In 2014 at a conference at the University of Leuven organized by the Faculty of Arts entitled “Psychology and the Classics: A Dialogue of Disciplines,” speakers presented papers arguing that ancient thinkers, especially among the Greeks and Romans, recognized a human interior that likely pointed to an understanding of the unconscious among the ancients, although that understanding was articulated in ways unfamiliar to modern psychology. This point of view conventionally runs counter to many contemporary assumptions about ancient thought based on the notion that knowledge of an interior world and and unconscious is based on a specific way of articulating that knowledge.
In the course of examining this question presentations attempted to bring ancient texts and ideas into conformity with 21st Century psychology, arguing, for example, that the ideas of the Stoics regarding mental health correlate with contemporary ideas about cognitive behavioral therapy (Christopher Gill, University of Exeter).
Indeed, we are all aware that the idea of a “talking cure” appears as early as Homer, and was alluded to in the Hippocratic canon. Disparaging as he was of emotive rhetoric, Plato felt ‘divine frenzy’ was emblematic of expressive human creativity, and Aristotle’s “Problems” discussed personality in ways that Freudian and Jungian psychology would find familiar.
Crossing these disciplinary lines is only one hurdle in trying to focus on the theme of ancient thought and analytical psychology (whether of ancient Greek, Roman, African or Asian origin). Non-human interiors are spoken of in ‘Aesop’s Fables’ too, and certainly gestures of communication emanate from an ‘inside’ that rhetoricians have traditionally tracked.
The other hurdle is that psychoanalysis, from Freud to Lacan and Kohut, is the mainstay of such disciplinary discussion. Jung is typically only mentioned by speakers in myth or media studies, but not much by classicists. We hope there will be more representation of his work: Jung would have been stunned to learn that he was left out; as a close reader of Plato and Cicero, Jung was convinced of their importance to him regardless of whether he was in agreement with prevailing interpretations of their work or not.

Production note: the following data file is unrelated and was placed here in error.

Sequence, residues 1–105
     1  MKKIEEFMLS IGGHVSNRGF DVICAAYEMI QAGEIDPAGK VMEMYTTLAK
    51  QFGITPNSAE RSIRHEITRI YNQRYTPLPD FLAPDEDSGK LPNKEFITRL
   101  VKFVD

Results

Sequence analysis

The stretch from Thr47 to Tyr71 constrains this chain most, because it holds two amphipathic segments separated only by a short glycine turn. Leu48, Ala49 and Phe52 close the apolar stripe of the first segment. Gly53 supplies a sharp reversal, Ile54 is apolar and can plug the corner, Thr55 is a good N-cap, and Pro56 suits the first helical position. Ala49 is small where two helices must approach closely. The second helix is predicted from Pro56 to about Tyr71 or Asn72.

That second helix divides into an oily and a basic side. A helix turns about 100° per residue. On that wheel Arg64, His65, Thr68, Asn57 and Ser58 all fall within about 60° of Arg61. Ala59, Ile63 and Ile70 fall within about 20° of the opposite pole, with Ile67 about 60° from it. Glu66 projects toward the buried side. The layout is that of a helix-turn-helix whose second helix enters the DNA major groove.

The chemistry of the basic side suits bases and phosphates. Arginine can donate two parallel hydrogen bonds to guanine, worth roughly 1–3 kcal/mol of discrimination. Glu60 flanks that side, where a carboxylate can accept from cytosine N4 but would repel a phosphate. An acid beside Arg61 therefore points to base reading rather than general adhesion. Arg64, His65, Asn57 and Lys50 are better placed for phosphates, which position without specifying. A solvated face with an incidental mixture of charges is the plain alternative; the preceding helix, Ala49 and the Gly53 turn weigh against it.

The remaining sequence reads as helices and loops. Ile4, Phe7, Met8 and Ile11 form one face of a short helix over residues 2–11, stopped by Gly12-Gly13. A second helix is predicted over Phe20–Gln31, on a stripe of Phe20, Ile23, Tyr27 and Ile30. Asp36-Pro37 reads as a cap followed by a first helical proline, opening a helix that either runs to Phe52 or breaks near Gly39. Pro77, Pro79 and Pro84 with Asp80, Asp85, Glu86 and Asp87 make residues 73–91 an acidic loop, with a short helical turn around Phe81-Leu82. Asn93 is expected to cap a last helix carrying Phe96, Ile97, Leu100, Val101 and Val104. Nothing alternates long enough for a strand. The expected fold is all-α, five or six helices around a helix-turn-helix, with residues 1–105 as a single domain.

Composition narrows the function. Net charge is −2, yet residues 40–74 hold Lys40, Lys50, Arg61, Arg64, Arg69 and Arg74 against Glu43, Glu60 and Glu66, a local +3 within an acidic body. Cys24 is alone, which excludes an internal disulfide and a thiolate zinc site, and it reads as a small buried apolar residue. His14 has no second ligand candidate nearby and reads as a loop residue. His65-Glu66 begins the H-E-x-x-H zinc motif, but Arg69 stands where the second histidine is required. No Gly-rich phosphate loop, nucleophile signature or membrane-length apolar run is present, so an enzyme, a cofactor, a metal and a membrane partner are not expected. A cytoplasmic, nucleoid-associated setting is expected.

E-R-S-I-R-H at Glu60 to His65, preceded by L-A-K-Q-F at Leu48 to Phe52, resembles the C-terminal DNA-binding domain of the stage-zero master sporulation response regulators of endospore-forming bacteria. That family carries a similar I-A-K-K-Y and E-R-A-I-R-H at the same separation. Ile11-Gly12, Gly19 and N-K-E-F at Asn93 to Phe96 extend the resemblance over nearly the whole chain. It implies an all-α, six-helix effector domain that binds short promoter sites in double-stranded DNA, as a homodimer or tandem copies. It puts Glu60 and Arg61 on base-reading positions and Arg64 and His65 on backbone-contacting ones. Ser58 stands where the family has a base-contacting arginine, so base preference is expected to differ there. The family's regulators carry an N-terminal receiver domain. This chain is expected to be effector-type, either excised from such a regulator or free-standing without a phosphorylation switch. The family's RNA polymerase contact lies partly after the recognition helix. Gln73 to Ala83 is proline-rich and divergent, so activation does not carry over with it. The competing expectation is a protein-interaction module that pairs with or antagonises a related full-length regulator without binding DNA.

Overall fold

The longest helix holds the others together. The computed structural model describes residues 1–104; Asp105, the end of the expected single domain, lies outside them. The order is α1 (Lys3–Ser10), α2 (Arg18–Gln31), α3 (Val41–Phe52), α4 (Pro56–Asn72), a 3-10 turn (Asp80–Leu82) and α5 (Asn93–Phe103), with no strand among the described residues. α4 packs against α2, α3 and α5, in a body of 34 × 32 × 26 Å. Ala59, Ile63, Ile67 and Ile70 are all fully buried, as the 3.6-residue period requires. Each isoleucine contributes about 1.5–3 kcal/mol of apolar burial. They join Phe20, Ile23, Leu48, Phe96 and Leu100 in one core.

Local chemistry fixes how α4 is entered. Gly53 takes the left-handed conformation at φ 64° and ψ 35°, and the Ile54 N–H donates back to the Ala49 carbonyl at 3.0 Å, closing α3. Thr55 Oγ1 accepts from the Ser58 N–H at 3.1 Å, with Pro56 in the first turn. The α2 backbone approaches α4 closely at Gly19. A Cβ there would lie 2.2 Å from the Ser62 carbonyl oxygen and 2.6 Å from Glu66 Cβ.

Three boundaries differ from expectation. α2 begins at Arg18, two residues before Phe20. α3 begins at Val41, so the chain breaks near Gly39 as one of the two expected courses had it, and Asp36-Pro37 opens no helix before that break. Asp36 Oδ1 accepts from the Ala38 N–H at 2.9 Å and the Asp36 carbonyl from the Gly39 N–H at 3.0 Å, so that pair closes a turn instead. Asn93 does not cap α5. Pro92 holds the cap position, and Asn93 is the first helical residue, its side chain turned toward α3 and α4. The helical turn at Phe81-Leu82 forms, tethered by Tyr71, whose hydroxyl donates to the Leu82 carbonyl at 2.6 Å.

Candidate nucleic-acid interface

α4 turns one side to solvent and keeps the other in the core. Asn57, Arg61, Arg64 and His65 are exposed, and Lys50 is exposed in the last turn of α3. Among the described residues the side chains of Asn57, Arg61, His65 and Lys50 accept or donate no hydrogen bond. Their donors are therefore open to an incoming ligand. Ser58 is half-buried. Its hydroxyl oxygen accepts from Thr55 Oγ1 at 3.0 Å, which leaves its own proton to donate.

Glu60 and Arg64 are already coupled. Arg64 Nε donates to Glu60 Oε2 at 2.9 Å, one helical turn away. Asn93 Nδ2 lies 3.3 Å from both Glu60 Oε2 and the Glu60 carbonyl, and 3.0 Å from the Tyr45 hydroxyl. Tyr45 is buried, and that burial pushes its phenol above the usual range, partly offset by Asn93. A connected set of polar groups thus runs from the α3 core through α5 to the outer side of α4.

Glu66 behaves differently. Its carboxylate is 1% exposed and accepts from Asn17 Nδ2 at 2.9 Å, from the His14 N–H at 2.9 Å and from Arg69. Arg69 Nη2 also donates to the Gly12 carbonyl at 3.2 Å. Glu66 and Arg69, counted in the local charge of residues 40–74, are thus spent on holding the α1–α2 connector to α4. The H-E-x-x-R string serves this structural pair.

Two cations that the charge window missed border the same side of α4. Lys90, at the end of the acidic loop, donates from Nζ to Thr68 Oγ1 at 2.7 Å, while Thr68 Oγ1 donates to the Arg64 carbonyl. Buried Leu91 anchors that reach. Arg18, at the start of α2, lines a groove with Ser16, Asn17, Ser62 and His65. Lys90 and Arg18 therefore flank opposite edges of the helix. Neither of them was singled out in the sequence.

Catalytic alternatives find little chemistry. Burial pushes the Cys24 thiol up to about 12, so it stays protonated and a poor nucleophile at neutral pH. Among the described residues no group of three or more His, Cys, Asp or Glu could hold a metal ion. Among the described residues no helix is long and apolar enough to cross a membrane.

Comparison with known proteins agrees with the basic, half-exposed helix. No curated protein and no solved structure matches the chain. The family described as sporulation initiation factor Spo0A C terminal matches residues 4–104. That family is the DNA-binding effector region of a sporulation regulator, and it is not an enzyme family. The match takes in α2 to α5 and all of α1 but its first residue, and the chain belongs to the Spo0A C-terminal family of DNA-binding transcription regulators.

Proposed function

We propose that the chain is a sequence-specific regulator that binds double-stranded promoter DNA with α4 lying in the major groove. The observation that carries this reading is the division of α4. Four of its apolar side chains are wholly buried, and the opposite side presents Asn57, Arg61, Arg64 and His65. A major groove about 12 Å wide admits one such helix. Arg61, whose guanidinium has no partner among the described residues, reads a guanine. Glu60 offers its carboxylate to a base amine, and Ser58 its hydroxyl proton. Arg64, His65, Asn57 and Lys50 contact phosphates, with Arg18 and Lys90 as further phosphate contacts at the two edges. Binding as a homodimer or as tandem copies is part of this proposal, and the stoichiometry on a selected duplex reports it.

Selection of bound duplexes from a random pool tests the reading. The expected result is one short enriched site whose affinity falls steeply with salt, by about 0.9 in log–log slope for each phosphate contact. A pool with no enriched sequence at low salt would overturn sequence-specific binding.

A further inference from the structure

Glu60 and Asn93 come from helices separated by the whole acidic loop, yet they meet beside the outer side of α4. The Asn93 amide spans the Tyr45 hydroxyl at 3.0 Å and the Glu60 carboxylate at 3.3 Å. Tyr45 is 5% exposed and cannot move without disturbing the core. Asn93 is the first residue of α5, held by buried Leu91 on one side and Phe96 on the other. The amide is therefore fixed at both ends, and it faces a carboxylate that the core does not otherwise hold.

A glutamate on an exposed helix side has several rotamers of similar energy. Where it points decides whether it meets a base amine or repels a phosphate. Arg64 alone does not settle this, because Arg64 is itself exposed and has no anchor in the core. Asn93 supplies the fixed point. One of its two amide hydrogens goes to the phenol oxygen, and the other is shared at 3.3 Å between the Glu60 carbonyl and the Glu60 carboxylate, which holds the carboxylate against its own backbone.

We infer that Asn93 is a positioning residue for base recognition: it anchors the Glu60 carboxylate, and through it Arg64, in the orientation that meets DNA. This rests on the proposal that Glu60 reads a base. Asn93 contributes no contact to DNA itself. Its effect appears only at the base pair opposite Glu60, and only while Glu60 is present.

Speakers provisionally committed to present papers include (alphabetically) Dr Emannuela Bakola (Warwick), Dr Paul Bishop (University of Glasgow), Dr Terence Dawson (Nanyang Technological University, Singapore), Dr Richard Seaford University of Essex) and Mark Saban (University of Essex).
Additional papers are welcome that would run for 15-20 minutes plus discussion and that approach the theme of ancient thought and analytical psychology in the broadest terms. We would also welcome additional discussion from Lacanian and Freudian perspectives. The overall theme will be the interior dynamics of healing in ancient thought and modern psychology toward achieving the goal of individuation and wholeness.
The deadline for submitting a brief description (5 to 6 sentences) of a proposed presentation is March 15, 2016. Please also provide a brief note on your personal background and disciplinary base. Speakers selected will be notified by 1 May. Presently we are planning to convene at the Freud Museum in north London.
Please send abstracts to Leslie Gardner, Ph.D.(firstname.lastname@example.org)